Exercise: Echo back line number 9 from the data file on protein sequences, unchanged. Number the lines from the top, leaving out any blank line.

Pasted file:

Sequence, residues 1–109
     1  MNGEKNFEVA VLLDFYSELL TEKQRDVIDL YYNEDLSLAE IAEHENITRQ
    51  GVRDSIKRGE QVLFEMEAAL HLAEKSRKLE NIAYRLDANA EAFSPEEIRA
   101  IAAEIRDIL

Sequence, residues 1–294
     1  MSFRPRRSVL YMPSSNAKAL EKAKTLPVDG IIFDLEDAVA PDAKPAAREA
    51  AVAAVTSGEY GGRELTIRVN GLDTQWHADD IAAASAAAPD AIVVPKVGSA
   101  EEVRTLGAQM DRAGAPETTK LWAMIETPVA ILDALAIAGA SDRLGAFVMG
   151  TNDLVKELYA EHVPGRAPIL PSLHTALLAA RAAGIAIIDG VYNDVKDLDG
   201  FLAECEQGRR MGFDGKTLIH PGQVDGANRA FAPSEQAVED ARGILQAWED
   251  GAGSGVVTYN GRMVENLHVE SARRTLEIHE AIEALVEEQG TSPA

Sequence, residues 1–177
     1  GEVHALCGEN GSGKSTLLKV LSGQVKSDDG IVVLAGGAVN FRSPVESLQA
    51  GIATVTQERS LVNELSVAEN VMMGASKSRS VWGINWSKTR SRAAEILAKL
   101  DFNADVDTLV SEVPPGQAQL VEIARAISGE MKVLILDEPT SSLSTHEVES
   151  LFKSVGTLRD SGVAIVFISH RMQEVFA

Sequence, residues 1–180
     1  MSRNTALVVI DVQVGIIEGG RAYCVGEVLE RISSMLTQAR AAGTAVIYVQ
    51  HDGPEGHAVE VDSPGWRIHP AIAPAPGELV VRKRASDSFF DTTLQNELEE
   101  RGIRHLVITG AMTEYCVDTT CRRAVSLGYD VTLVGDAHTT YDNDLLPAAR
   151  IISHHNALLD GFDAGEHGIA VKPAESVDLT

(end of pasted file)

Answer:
   151  TNDLVKELYA EHVPGRAPIL PSLHTALLAA RAAGIAIIDG VYNDVKDLDG